By CBSLA Staff

EL SEGUNDO (CBSLA) – The Chevron Refinery in El Segundo is suspected of releasing hydrogen sulfide resulting in “odors impacting the public.” The refinery was issued a violation by the South Coast Air Quality Management District for the incident, the agency announced Thursday.

Hydrogen sulfide is a gas that occurs naturally in crude petroleum and is known to have a rotten egg smell. Short-term exposure to this type of odor can cause people to experience health symptoms such as headaches and nausea.

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On January 31, the South Coast A.Q.M.D. received more than 30 public complaints of “rotten egg- and sulfur-type odors,” the agency said in a statement.

“Inspectors confirmed that the odors were coming from the refinery,” the agency said. “Inspectors determined that the odors were caused by the release of hydrogen sulfide during the transfer of petroleum naphtha — a product of refining crude oil — to a storage tank.”

The odors had dissipated by late afternoon.

The notice of violation alleges that the refinery caused a public nuisance in violation of the A.Q.M.D.’s Rule 402 and California Health and Safety Code Section 41700.

In a statement, Chevron spokesman Jeff Wilson said the company “has been in communication with the S.C.A.Q.M.D. since the events causing the odor began. In response to the fenceline monitoring readings, Chevron actively worked to identify and eliminate the source of the odor. During that time, Chevron responded to inquiries from regulators, members of the community, and the media.”

He added, “Chevron sincerely apologizes to our neighbors for any impacts this may have caused.”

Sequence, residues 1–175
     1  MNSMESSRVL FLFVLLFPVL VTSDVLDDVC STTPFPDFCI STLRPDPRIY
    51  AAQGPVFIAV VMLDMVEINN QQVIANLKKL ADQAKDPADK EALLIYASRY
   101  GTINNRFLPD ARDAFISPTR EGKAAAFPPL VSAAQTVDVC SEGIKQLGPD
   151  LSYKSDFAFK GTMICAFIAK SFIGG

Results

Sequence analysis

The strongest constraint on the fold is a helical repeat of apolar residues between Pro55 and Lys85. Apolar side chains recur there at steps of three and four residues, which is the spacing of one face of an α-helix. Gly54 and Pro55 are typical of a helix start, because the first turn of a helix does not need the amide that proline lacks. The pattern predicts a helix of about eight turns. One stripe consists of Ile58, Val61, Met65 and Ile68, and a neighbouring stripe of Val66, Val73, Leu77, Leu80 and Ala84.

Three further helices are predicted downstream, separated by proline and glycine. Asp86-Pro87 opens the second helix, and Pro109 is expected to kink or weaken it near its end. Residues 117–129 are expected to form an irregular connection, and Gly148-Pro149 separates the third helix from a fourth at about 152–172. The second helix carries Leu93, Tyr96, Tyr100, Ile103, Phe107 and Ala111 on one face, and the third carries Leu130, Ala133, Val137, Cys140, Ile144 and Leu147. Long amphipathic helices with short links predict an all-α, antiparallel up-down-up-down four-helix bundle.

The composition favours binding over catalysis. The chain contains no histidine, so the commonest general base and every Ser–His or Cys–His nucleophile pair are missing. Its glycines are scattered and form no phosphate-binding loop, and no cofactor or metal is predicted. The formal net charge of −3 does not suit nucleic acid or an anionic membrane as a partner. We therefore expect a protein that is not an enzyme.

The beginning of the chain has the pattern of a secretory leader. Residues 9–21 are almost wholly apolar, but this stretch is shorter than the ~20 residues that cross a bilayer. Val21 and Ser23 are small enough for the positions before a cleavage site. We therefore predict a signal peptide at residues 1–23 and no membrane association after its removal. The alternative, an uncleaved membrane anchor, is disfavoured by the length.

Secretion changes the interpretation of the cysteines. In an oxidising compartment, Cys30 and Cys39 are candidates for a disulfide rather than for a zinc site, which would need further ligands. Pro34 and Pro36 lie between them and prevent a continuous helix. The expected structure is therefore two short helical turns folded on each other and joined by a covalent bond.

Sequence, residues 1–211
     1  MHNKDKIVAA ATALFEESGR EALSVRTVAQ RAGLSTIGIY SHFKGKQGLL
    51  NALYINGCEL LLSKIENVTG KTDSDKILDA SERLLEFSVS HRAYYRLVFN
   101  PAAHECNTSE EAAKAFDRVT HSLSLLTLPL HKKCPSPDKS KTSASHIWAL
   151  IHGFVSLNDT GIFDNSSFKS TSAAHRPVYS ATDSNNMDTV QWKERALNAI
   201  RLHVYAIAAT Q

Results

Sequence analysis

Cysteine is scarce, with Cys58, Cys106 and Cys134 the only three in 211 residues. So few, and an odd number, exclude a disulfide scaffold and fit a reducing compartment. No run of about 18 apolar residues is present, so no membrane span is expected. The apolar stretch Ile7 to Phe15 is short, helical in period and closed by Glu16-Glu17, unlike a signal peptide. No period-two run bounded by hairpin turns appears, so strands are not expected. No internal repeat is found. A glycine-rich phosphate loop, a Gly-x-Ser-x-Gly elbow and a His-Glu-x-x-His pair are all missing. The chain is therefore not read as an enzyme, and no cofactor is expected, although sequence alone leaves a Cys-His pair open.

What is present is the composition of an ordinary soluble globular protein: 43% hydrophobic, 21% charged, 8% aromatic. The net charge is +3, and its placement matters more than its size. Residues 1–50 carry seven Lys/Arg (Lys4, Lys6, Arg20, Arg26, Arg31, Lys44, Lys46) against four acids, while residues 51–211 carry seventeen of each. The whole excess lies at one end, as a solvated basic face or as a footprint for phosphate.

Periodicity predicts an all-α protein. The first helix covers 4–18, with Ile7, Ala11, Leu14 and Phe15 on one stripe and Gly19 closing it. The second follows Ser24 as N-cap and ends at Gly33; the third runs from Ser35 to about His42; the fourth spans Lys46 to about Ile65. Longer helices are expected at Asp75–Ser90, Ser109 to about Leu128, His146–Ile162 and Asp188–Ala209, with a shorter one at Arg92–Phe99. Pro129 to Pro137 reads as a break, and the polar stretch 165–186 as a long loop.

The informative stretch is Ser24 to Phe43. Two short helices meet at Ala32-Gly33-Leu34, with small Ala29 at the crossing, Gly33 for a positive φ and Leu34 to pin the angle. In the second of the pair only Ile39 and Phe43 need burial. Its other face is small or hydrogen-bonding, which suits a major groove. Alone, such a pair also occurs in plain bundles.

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Once issued, a notice of violation can result in civil penalties. In some cases, the company can choose to implement voluntary measures to reduce emissions or otherwise prevent further violations. If no settlement is reached, a civil lawsuit may ultimately be filed.

At the time the odors were reported, Chevron’s “fenceline” monitors showed several instances when hydrogen sulfide levels exceeded the short-term, state standard of 30 parts per billion, with the highest one-hour average being 168.7 ppb at 10:20 a.m. on Jan. 31, the agency said.

Data from the nearby community monitors in El Segundo and in Manhattan Beach showed that levels remained below 2 parts per billion during the same time period, however, the agency reported.

Staying indoors with doors and windows closed during odor events would help reduce these health impacts. Symptoms typically go away soon after the odors are no longer detected.

Chevron’s air monitoring network information can be found here, and the community air monitoring information can be found on the South Coast A.Q.M.D. website.

South Coast A.Q.M.D. is the air pollution control agency for major portions of Los Angeles, Orange, San Bernardino, and Riverside counties, including the Coachella Valley.

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(© Copyright 2020 CBS Broadcasting Inc. All Rights Reserved. City News Service contributed to this report.)